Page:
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Inside a Ukrainian town's bloody battle to keep Russian invaders away from a nuclear plant and the vital port of Odesa

Ukrainians repel Russia in battle for Voznesensk
Ukrainians repel Russia in battle for Voznesensk 03:00

Odesa — The U.S. military says at least 7,000 Russian troops have been killed since Vladimir Putin ordered his military to invade Ukraine more than three weeks ago. Putin's government, however, tells the Russian people that only a few hundred of the country's soldiers have died.

CBS News correspondent Chris Livesay visited the key southern town of Voznesensk, where Ukraine's defenders recently managed to repel an attack by a much better-equipped Russian force.

It's another example of Ukrainian forces mounting a remarkable resistance — and it left grim evidence of a very different story to the one Russia's president is telling his people.

Russia ramps up attacks on Kyiv and Lviv 09:21

In Putin's disinformation war, his own soldiers are among the victims. The Ukrainian army keeps 12 of their bodies in a refrigerated railcar in Voznesensk. The town is offering to return the bodies to their mothers. Most were too young to have wives.

But the Russian military won't even acknowledge they exist, a Ukrainian military scout, codenamed "Ghost," told CBS News.

"Russia is treating their own soldiers like meat, leaving them to rot," he told Livesay. 

Ukrainian troops in Voznesensk came up against a Russian invasion force that was armed to the teeth. They had heavy artillery and helicopters. In a heroic act of self-sacrifice, they blew up the main bridge into the town to keep Russian tanks from crossing.

Civilian deaths rise from brutal Russian siege in Ukraine 04:02

If the Russian forces get past the bridge, there would be nothing to stop them attacking and seizing another of Ukraine's nuclear power facilities — and beyond that, the real prize for Putin: the major port city of Odesa. If Russia captures Odesa, it will gain a strategic foothold across a swathe of southeastern Ukraine linking its own territory with the Crimean Peninsula, which Putin seized control of with his last invasion in 2014.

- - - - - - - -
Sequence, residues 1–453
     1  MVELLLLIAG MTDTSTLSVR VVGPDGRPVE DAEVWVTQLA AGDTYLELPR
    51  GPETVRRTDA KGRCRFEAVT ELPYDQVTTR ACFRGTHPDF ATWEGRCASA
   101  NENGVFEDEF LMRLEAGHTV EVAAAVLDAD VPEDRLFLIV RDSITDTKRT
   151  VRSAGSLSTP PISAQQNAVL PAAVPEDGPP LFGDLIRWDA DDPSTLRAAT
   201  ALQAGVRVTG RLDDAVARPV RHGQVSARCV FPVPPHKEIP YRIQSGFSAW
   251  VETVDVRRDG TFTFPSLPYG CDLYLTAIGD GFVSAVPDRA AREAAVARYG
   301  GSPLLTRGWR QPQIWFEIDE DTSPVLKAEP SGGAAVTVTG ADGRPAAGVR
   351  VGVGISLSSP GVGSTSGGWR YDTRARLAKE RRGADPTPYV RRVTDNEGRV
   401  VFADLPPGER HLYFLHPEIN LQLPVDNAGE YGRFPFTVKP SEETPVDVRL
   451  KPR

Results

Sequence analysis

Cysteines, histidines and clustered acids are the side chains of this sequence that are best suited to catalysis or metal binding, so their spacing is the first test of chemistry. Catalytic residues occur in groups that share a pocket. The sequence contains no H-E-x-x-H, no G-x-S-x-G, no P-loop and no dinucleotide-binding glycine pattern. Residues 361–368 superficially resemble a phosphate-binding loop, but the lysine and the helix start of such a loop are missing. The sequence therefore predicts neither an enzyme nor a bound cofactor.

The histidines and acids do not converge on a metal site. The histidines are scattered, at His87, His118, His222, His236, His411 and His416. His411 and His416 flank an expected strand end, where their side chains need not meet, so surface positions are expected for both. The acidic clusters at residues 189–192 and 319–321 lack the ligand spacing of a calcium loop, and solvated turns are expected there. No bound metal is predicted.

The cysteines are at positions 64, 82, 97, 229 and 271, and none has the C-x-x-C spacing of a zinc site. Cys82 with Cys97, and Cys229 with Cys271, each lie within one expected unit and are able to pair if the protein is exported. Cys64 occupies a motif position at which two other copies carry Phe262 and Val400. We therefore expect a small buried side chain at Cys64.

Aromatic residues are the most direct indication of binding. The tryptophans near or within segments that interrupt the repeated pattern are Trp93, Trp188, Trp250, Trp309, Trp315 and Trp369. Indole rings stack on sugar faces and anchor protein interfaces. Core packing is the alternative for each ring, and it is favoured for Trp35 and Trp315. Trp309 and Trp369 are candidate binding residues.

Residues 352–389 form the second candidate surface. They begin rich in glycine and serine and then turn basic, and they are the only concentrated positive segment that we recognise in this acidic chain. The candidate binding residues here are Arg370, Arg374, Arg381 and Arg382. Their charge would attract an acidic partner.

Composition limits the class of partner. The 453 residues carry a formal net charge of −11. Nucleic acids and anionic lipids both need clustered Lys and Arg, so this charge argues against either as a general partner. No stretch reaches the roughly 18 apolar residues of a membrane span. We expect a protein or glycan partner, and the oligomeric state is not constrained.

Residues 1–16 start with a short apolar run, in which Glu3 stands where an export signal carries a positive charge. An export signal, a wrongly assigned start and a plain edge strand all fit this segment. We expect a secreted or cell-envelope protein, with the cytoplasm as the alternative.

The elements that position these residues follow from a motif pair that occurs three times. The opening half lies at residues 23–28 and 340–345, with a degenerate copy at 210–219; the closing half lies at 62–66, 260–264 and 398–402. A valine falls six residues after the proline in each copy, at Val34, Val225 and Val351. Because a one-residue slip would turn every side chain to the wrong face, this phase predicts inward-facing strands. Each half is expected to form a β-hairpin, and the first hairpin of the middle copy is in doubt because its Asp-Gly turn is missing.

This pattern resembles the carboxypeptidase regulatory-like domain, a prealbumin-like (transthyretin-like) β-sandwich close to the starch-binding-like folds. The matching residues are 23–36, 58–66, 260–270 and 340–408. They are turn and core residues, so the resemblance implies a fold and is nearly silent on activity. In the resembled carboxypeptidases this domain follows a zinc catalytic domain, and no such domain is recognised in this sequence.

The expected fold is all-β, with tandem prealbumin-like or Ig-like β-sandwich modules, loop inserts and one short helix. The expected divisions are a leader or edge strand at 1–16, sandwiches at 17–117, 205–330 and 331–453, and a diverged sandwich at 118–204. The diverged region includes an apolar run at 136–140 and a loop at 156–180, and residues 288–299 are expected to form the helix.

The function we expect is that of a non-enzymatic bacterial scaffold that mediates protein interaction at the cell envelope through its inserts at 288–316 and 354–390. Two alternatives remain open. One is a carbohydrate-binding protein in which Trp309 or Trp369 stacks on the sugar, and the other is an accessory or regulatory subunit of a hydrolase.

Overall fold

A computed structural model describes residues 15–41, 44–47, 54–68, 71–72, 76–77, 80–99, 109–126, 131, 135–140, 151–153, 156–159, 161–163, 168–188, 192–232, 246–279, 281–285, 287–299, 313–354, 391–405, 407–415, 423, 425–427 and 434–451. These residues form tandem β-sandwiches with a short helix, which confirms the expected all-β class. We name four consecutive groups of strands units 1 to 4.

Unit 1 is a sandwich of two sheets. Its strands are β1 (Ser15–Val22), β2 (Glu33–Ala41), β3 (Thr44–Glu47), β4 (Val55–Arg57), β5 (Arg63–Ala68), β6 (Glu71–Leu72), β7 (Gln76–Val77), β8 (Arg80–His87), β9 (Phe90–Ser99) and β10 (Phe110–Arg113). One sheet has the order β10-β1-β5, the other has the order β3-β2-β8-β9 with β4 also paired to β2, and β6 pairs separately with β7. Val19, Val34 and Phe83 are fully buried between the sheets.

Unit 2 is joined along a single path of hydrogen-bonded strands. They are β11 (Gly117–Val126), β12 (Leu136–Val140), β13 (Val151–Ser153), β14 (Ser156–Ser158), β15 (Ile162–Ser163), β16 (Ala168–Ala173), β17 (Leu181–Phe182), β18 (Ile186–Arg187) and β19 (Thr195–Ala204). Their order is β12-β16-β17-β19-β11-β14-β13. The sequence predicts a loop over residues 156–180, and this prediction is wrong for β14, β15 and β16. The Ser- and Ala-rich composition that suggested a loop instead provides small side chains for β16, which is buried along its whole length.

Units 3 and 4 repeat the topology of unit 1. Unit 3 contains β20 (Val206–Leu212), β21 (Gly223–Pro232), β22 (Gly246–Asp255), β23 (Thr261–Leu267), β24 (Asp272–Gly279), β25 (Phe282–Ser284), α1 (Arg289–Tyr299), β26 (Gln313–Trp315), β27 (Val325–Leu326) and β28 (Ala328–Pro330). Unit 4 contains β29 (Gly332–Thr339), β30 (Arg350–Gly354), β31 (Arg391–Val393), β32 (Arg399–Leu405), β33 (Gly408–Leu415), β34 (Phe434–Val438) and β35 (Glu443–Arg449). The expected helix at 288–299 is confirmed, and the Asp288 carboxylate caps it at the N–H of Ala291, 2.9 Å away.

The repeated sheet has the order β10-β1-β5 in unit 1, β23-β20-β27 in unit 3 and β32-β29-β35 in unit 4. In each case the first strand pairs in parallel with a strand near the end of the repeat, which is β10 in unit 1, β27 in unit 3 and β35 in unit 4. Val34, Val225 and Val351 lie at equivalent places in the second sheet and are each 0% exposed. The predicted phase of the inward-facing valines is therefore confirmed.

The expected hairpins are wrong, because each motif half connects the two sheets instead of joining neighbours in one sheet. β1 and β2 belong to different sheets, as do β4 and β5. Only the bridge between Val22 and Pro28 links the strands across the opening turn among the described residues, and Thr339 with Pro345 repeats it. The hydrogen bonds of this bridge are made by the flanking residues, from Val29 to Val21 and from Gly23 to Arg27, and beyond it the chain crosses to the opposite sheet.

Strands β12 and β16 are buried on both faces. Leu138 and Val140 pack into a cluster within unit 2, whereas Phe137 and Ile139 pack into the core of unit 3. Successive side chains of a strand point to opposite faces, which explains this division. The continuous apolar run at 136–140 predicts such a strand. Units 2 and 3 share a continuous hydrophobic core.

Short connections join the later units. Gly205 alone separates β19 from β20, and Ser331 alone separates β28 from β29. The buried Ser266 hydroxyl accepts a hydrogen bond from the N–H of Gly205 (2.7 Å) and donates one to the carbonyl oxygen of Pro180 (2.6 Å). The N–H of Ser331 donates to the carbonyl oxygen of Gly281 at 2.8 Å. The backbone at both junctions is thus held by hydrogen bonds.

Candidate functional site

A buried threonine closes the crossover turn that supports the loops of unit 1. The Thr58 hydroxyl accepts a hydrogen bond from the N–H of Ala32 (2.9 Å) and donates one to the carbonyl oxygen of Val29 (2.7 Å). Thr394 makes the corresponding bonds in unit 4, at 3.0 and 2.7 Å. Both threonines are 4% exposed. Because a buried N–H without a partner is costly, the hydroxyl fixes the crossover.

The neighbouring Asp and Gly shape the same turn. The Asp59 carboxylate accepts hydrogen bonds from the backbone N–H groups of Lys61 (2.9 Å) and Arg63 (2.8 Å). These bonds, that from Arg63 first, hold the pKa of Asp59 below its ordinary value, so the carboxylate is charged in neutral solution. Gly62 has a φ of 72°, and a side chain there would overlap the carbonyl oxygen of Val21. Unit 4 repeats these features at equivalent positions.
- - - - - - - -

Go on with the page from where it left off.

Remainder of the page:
In their march to gain that foothold, Russian troops apparently thought they'd hit a little resistance when they got to the other side of the bridge into Voznesensk. But they underestimated, or were misinformed about their opponents.

"They were advancing with tanks, mortars, lots of armor, and artillery, firing chaotically into the city center, striking a kindergarten and near an orphanage," Voznesensk's Mayor Yevheni Velichko told Livesay.

"CBS Evening News" anchor and managing editor Norah O'Donnell traveled to the Ukraine-Poland border as Russia's invasion of Ukraine triggered the fastest refugee displacement crisis in Europe since World War II. O'Donnell shares firsthand accounts from Ukrainian refugees and looks at how NATO is preparing while Russia pushes the war in Ukraine close to Poland's border in the 30-minute documentary "Norah O'Donnell Reports: Crisis in Ukraine," premiering Friday, March 18, at 7:30 p.m. ET on the CBS News app.

The mayor guided CBS News through the rubble and around the anti-tank mines still littering his town.

"This is where we stopped them," said Velichko.

His sleepy country town, without heavy weapons of its own, routed a Russian battalion.

Even locals like 66-year-old Sushenko Nikolay Semenovich, a retired minesweeper in the Soviet army, pitched in to repel the Russian force.

"I jumped out and shot with my own rifle," he told CBS News. "Our commander told me, 'get back in the basement, grandpa!' But my heart simply couldn't handle just sitting in the basement. These Russians don't give up. We will kill them all."

Sushenko Nikolay Semenovich, 66, a retired minesweeper in the Soviet army, pitched in to help repel Russian forces as they approached his town of Voznesensk, in the Mykolaiv region of southeast Ukraine. CBS News

That tenacity kept the invading force from advancing to Odesa on the ground, but it has not kept them away from the vital port by sea.  

U.S. officials say there are no signs of an imminent amphibious attack, but Russian warships off the coast have been firing missiles into nearby towns.

Volunteers in Odesa are bracing for a fight of their own, filling sandbags as Russian warships are spotted on the horizon.

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